- JPMorgan (NYSE: JPM) is viewing Beyond Meat as an extraordinary opportunity and sees the company as a true disruptor. Jefferies (NYSE: JEF) sees Beyond Meat also positioned for rapid and sustainable growth and Barclays (NYSE: BCS) even sees the potential to revolutionize an entire market. With expectations that the market value will increase 100 times within the next 15 years and billions in revenues for Beyond Meat, extremely high valuations can be justified.
We certainly have all the ingredients we need to create a compelling story that could lead to expectations of astronomical and almost infinite growth for Beyond Meat. But that by itself is not enough to build the bubble and create the hype. The mass media plays a very important role: If I have to research myself on the meat market, expectations for the future and potential revenue we will never see a hype as most people don’t even know how to analyze companies or where to find the information or – even more important – wouldn’t even have heard about Beyond Meat. The compelling story has to be spread by the mass media. We can start by looking at the data from Google Trends: The interest has spiked around the time of the IPO and has since then gone back again, but search interest is still a multiple of the time before the IPO. The search volume for different countries and different categories is still 5 to 10 times higher than before the IPO.
(Source: Google Trends)
We also are at the point where many newspapers, radio stations and TV shows and the mainstream media are picking up the story. And I am not talking about investing-related media. As far as I know, one can buy Beyond Meat’s products here in Germany only at Metro and for a very short time at Lidl, but the retailer obviously underestimated the demand completely, which led so some anger among customers. And although only very few people actually bought the products or know about Beyond Meat, many TV stations and newspapers picked up the story in the last few days and have written about the great success of Beyond Meat.
Aside from mass media coverage, the forming of very similar opinions also is important for a hype. On Seeking Alpha we find bullish ratings before the IPO, but in the last few weeks the majority of ratings is very bearish, and the comments I read so far, I would also describe as rather mixed. So at least on Seeking Alpha the uniform bullishness necessary for hype is missing – but maybe we are smarter than the crowd. However, on Tipranks the investor sentiment is very positive. At StockTwits the sentiment is 54% bullish (it has been almost 100% bullish around the IPO time). We see strong signs of forming very similar opinions, especially if we leave out investment-related sites, but there’s probably more potential for increased media coverage and more bullishness.
Difficult Predictions, Competition and Other Risks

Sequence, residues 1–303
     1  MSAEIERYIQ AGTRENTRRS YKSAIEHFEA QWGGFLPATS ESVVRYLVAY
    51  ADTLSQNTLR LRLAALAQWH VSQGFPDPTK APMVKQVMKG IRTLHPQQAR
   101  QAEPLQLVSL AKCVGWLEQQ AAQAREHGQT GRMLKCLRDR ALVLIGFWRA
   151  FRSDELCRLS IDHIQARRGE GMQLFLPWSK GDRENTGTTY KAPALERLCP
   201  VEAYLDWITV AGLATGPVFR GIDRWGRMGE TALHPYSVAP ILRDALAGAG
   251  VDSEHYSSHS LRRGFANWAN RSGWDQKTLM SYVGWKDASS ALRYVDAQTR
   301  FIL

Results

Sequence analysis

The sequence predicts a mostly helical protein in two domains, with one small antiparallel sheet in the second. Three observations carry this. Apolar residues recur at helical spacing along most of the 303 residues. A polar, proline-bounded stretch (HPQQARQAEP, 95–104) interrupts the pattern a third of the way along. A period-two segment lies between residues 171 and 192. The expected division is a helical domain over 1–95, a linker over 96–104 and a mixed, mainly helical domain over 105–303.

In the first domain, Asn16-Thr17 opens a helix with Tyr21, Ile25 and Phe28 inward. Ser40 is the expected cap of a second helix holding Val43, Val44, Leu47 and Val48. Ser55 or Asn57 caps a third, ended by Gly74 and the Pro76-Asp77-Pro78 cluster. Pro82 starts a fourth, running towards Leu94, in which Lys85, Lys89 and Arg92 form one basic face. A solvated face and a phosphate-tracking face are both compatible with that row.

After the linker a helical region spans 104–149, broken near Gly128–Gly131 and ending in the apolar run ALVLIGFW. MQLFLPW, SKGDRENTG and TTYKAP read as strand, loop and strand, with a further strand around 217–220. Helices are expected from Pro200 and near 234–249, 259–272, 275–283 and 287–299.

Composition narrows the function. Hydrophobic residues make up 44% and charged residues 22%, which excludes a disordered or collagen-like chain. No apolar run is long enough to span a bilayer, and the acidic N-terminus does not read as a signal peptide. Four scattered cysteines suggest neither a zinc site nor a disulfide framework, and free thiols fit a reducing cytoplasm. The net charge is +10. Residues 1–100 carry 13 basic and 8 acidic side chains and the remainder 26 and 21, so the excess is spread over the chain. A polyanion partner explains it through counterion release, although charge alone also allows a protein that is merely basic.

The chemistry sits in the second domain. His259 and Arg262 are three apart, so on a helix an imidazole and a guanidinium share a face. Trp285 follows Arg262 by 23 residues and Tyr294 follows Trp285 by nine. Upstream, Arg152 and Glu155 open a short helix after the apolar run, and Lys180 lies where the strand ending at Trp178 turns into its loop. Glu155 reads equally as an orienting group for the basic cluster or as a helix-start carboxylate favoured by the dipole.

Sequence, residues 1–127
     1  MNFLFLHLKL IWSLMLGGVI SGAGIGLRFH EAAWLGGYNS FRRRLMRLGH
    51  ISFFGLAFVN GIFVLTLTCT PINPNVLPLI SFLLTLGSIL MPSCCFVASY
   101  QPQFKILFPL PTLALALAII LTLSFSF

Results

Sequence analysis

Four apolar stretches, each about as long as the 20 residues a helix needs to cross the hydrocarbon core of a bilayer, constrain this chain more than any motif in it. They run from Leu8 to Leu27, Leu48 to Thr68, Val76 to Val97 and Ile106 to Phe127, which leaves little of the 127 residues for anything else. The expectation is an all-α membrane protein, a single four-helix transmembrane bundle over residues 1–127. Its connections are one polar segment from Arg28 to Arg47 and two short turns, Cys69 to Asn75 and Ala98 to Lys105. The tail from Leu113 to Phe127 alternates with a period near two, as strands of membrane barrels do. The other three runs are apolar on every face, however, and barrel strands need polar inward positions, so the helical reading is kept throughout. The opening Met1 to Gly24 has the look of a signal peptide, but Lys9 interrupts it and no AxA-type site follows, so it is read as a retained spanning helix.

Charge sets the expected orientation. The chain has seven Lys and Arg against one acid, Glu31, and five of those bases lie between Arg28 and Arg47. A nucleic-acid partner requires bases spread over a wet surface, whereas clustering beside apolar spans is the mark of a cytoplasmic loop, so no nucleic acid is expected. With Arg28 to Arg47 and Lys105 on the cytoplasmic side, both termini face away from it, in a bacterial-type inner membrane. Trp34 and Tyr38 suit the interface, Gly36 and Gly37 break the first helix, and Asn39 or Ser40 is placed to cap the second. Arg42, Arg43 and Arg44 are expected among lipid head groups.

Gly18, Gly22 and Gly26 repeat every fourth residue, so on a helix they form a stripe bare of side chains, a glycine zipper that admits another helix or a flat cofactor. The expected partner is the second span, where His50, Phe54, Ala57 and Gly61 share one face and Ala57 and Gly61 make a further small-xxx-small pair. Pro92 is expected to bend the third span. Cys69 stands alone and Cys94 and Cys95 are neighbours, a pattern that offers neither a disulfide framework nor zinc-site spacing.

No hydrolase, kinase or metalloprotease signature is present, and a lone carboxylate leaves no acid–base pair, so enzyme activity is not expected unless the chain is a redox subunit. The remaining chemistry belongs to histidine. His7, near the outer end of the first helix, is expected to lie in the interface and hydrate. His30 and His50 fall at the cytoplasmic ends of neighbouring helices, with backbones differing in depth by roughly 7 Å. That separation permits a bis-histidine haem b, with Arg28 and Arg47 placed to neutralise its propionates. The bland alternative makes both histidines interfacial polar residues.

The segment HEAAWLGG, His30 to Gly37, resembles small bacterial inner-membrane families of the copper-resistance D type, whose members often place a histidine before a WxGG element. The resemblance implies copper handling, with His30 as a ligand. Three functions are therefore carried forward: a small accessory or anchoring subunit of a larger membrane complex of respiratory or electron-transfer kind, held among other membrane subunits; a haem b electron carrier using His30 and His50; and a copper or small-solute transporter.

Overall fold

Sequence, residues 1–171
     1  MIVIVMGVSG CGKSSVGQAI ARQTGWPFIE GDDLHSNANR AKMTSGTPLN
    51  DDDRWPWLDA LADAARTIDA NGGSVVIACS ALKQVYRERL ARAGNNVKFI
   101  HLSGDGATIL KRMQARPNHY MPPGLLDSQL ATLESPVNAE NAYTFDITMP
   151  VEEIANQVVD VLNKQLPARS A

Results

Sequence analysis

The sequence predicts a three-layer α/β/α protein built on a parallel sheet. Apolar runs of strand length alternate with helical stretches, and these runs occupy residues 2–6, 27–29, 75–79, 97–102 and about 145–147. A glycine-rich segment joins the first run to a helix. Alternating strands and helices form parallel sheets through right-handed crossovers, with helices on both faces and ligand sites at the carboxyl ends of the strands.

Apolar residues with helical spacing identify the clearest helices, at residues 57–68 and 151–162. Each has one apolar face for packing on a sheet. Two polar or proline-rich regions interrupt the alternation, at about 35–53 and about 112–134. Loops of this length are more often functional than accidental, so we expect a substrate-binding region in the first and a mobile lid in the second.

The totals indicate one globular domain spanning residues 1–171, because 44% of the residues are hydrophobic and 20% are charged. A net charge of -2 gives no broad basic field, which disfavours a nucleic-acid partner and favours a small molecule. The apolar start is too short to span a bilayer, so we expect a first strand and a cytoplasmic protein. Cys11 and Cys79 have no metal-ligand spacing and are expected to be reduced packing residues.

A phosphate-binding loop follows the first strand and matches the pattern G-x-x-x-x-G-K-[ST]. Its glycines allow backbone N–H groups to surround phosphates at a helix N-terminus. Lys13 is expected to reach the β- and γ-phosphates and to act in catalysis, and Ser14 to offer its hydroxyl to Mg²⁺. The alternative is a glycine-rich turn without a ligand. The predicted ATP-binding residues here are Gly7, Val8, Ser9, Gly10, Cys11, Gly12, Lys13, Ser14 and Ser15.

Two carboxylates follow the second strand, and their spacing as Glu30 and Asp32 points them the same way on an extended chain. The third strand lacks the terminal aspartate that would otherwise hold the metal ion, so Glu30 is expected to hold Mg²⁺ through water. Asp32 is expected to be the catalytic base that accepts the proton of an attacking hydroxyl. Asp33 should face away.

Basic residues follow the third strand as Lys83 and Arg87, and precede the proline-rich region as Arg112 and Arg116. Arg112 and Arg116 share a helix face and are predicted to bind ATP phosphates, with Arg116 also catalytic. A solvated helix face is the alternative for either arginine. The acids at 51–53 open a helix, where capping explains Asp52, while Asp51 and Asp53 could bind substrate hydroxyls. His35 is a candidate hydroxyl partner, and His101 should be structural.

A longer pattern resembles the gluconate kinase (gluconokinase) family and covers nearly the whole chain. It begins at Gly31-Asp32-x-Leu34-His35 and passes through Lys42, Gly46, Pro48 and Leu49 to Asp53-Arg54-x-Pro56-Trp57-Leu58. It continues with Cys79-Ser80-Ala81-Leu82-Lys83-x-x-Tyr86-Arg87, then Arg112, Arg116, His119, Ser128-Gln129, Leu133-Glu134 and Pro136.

I see many problems Beyond Meat and its investors could face in the years to come – including lawsuits, dilution of outstanding shares, competition or scandals – but will pick out only two major threats.
The Problem with Predictions
We all know that it’s difficult to make predictions – especially about the future. But it’s what we do here on Seeking Alpha all the time. And there’s a huge difference if I try to predict the future of a company that has existed for several decades or if I try to predict the future of a young, fast-growing company. The current expectations about the future revenue and profit of Beyond Meat are the result of several assumptions, which are all doubtful. Investors are trying to estimate how an entire industry might develop over a very long time and seem to ignore completely that many different factors could have huge effects on the outcome. The behavior of competitors, new trends in the way we consume and eat our food or several scandals might influence the business model of Beyond Meat substantially. I basically know nothing about that particular market and won’t make any predictions. I just like to point out that there’s a good chance that things turn out completely different than imagined and it’s always dangerous when predictions and estimates are built around the best scenario imaginable.
Competition and Moat
A second major problem are the company’s peers and competitors. Even if the underlying trend is predicted correctly and we will see a major shift away from animal-based meat, Beyond Meat is and will not be the only company operating in that market segment. If this is the beginning of a major trend, we will see a lot of competitors entering the market in the next few years because that’s how capitalism works. And we don’t know if a competitor will have a product that tastes better or if companies with huge marketing budgets will make it extremely difficult for Beyond Meat to succeed. Right now, Impossible Foods is the biggest competitor of Beyond Meat, but there are other major players in the food market that can be more severe competitors to Beyond Meat. Last week, Nestlé (OTCPK: OTCPK:NSRGY) announced its plans to launch a plant-based burger and other companies might follow.